A religious activist looks on while attending the 25th International Islamic Unity Conference in Tehran
Veiled women in Iran (Reuters)

An Iranian cleric has claimed he was beaten by two women outside a mosque after he warned one of them to cover up.

Hojatoleslam (a middle ranking cleric) Ali Beheshti told the semi-official Mehr news agency that he advised one of the women, whom he believed was not properly dressed, to cover her eyes.

"She responded to me by saying: 'You [should] close your eyes," the cleric said, according to  Radio Free Europe/Radio Liberty.

Ali Beheshti, a leading religious figure in the city of Shahrmirzad, repeated the warning to the woman, saying their attire did not follow the Islamic dress code that became compulsory after the 1979 revolution.

"Not only didn't she not cover herself up but she also insulted me. I asked her not to insult me any more but she started shouting and threatening me," Beheshti said.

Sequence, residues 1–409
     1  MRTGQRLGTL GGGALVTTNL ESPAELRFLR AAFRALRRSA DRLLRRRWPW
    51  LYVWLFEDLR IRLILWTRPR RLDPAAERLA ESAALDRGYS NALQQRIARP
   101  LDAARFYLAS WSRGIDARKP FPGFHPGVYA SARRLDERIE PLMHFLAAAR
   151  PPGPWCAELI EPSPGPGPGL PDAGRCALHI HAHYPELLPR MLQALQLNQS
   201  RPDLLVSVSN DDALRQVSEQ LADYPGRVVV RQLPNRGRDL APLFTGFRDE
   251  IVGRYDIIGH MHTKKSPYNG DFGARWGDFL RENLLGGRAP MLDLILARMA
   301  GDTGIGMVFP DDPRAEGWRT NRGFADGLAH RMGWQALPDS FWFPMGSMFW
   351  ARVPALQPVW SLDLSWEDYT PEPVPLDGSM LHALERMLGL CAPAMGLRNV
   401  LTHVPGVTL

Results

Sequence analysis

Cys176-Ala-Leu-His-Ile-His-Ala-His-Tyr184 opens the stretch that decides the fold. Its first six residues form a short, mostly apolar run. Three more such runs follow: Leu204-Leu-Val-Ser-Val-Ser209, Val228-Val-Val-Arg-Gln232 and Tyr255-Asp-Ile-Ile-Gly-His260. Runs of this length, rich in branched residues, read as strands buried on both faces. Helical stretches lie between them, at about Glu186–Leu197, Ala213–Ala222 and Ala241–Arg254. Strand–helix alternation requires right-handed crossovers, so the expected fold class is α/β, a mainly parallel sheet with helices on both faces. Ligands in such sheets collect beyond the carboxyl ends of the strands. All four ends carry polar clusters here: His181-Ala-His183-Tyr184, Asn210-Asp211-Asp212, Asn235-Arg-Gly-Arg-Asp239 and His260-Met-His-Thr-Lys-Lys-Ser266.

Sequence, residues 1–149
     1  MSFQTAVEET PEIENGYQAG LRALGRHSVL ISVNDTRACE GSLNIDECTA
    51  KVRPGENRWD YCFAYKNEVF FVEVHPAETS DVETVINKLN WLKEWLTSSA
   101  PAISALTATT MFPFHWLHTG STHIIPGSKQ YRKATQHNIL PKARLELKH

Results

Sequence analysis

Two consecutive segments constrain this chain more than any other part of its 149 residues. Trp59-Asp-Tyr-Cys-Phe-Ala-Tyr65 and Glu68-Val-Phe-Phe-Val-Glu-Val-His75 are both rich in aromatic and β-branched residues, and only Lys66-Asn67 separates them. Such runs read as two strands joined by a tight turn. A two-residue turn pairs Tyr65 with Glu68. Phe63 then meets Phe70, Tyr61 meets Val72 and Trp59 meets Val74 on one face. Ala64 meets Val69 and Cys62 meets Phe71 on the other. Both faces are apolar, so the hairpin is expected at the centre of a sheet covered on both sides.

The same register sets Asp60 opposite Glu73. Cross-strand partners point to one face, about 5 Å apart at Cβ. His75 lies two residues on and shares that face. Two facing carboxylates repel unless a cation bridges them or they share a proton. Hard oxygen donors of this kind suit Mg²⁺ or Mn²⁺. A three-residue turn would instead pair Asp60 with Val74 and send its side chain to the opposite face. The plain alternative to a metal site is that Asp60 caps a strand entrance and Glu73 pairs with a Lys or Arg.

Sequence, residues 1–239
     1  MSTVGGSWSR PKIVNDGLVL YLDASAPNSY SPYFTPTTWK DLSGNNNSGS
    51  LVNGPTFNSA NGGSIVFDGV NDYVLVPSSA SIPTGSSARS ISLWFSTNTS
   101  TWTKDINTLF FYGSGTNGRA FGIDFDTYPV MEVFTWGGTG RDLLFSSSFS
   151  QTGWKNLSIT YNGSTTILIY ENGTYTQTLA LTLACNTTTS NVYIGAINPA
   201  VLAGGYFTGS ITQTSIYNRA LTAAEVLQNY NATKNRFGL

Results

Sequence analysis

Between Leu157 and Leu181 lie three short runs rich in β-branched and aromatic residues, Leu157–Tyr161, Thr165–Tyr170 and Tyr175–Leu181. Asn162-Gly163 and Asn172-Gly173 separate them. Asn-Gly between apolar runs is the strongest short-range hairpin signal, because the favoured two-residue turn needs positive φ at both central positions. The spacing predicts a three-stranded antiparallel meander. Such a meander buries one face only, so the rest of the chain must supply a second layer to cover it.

"She pushed me and I fell to the ground on my back. From that point on, I don't know what happened. I was just feeling the kicks of the women who were beating me up."

The cleric was taken to hospital for three days following the attack. He said he did not file a lawsuit against the women despite suffering what he said were the worst days of his life.

The judiciary is reviewing the incident and has classified it as a public beating.

It was not the first time Iranian clerics have been allegedly beaten for ordering women to dress "appropriately".

Mehr said that even a representative of Iran's Supreme Leader Ayatollah Ali Khamenei, named Kheirandish, had been beaten up.

"Officially, the hijab is promoted as protection for women against evil in society," explained Golnaz Esfandiari, Radio Free Europe/Radio Liberty's Washington correspondent. "For many women, however, the hijab feels like a burden, an insult, a limitation of their freedom and an attempt to keep them under control."